Anatomising London


London is built in our image.  It mirrors not only the fluid bodies of the living, but also the legions of dead who, contrary to general belief outnumber the rest of us several times over. For every one of us bringing London to life, many others are forgotten and buried, organic fertiliser for the city’s growth spurts, their material existence thickening the London layers.

No wonder then that we try to interpret and represent London as a physical form.  Not only is it made of bodies – 80,000 unmarked under pocket-sized Paddington Street Gardens to take a single, staggering example – but becomes in itself a body.  Cable, wires, fibre and pipes are lymphatics, circulating essential lubricants.  The Tube is a mesh of capillary vessels, a needle’s depth below the skin.  The lost rivers are veins and arteries: the Fleet, fat, blue, swollen and bulging under Holborn Viaduct; the Tyburn, an artery buried deep in the subcutaneous fat layer, thin and throbbing.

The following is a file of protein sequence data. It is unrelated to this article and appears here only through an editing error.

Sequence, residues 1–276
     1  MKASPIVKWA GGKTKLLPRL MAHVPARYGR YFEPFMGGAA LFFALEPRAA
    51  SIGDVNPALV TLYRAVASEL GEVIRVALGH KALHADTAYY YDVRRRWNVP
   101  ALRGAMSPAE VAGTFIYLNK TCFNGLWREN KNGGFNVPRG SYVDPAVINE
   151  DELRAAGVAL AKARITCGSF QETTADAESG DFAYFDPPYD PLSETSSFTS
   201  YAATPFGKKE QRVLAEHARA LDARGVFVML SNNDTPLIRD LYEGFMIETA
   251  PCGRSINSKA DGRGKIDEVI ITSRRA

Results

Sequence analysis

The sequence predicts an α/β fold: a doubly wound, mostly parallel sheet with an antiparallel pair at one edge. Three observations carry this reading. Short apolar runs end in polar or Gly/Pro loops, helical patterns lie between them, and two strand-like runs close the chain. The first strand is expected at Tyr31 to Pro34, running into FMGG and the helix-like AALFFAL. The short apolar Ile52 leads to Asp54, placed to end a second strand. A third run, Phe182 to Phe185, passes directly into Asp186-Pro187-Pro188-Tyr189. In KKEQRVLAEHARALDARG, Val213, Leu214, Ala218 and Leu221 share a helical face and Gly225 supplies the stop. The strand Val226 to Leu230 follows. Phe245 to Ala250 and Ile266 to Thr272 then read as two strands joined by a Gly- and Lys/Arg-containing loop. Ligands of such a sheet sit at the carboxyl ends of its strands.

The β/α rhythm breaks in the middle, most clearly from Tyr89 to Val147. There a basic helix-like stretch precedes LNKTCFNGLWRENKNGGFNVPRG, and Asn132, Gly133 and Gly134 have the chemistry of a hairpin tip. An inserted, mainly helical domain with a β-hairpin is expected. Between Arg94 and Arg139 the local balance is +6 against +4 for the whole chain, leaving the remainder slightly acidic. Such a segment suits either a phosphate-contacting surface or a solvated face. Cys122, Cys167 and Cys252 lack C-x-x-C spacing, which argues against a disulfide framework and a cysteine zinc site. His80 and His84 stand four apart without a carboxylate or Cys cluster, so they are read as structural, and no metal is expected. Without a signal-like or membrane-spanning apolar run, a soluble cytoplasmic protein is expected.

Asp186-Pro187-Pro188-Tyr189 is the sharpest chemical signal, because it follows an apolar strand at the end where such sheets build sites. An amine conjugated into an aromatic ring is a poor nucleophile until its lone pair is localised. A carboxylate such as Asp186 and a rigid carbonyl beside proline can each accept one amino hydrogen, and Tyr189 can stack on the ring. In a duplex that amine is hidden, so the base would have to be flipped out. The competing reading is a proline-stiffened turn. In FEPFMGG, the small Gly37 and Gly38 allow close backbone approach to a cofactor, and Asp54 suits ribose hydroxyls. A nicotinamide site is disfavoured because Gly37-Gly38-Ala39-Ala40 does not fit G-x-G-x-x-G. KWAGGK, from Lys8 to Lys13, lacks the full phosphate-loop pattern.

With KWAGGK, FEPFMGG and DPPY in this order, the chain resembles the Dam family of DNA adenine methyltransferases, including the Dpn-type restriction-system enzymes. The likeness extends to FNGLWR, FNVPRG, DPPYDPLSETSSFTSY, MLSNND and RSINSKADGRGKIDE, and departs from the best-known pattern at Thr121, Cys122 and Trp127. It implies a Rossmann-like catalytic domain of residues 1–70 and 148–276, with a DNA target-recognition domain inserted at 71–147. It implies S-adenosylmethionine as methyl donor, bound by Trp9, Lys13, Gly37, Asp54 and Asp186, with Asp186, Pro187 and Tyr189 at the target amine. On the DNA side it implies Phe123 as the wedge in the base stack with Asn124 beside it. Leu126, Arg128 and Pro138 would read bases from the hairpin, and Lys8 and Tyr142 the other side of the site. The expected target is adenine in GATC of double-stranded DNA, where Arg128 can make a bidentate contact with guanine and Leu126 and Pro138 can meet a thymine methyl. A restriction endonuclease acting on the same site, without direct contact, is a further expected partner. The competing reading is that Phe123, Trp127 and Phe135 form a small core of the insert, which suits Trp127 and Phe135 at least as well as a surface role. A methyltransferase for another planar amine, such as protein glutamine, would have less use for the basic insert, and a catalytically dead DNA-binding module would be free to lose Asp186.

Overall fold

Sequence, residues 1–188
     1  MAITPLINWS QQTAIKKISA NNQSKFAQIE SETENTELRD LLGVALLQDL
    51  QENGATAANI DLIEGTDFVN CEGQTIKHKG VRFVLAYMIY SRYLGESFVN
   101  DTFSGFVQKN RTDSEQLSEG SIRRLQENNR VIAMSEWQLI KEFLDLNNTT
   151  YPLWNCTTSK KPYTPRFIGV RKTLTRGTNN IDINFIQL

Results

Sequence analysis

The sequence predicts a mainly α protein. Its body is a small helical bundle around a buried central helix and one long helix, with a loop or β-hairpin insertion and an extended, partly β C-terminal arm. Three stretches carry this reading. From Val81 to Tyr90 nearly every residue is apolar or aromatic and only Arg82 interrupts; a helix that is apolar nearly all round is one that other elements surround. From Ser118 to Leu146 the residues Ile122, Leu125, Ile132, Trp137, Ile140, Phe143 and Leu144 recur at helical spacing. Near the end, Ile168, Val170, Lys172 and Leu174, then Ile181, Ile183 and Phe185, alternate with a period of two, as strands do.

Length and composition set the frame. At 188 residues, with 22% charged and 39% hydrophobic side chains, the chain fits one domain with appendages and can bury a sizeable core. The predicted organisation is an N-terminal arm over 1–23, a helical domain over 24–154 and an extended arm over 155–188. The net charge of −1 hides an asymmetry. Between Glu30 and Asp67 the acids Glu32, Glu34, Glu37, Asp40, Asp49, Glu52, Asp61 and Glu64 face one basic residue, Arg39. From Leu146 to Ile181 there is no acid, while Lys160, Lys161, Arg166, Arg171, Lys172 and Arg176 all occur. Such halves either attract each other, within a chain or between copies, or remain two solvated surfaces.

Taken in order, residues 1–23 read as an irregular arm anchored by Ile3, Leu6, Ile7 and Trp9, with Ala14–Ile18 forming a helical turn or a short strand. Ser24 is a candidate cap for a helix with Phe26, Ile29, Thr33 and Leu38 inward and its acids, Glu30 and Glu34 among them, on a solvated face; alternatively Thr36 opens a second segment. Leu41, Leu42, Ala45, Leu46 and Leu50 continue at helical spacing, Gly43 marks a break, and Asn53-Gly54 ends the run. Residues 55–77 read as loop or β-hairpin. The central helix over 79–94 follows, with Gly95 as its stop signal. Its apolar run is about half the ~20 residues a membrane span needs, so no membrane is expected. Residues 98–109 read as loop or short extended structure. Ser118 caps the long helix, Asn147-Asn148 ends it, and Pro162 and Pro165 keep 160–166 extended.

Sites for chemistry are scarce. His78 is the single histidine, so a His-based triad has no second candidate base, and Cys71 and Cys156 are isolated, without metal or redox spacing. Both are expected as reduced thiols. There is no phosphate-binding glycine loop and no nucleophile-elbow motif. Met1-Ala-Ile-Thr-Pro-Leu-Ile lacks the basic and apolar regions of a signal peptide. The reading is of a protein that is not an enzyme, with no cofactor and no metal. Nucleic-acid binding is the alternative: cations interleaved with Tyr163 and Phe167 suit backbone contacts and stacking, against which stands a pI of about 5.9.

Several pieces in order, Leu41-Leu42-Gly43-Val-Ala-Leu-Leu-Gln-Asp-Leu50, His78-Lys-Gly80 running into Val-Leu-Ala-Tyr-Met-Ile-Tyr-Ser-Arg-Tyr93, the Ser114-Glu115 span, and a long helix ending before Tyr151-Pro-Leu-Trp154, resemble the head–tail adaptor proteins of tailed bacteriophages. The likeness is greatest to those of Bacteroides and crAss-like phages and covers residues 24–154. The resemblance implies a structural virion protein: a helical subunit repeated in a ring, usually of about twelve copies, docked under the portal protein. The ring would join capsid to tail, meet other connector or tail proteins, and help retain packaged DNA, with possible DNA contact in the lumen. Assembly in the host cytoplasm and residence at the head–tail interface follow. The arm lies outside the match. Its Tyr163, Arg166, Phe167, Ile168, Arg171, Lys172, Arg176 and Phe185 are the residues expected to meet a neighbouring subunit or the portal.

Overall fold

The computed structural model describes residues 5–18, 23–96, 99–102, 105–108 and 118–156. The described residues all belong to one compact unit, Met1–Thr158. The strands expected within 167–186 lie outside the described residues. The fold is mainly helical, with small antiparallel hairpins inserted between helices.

If the high brows at Hampstead and Parliament Hill, and the twin horns of Norwood and Shooter’s Hill are London’s temples, the opposition of north and south is inevitable.  London is a two-headed city, each holding the other in balance.  Another head belongs to Bran the Raven King, the city’s talisman, buried under the White Mount at the Tower of London.  

So London is also a Siamese city, a doubled anatomy, fused across the Thames basin.  The giant twin sons of Albion, Gog and Magog, keep watch on church and law from the tower of St. Dunstan-in-the-West, and preside over the Corporation of London in the Guildhall.  The Corporation is the body of bodies: all joined together as one to exercise its peculiar dominion over London’s heart.  

Two hearts match the two heads: St. Paul’s on Ludgate Hill, with its folk history of cathedrals, Diana, lunar temples and megaliths; and Westminster Abbey, a corresponding temple, belonging to the sun and Apollo. Southwark may quibble, but London is a dual entity.  Its perpetual motion is sustained by the perfect dichotomy: two bodies, male and female; one city.

First published in Curiocity D: London Dissected (June 2013)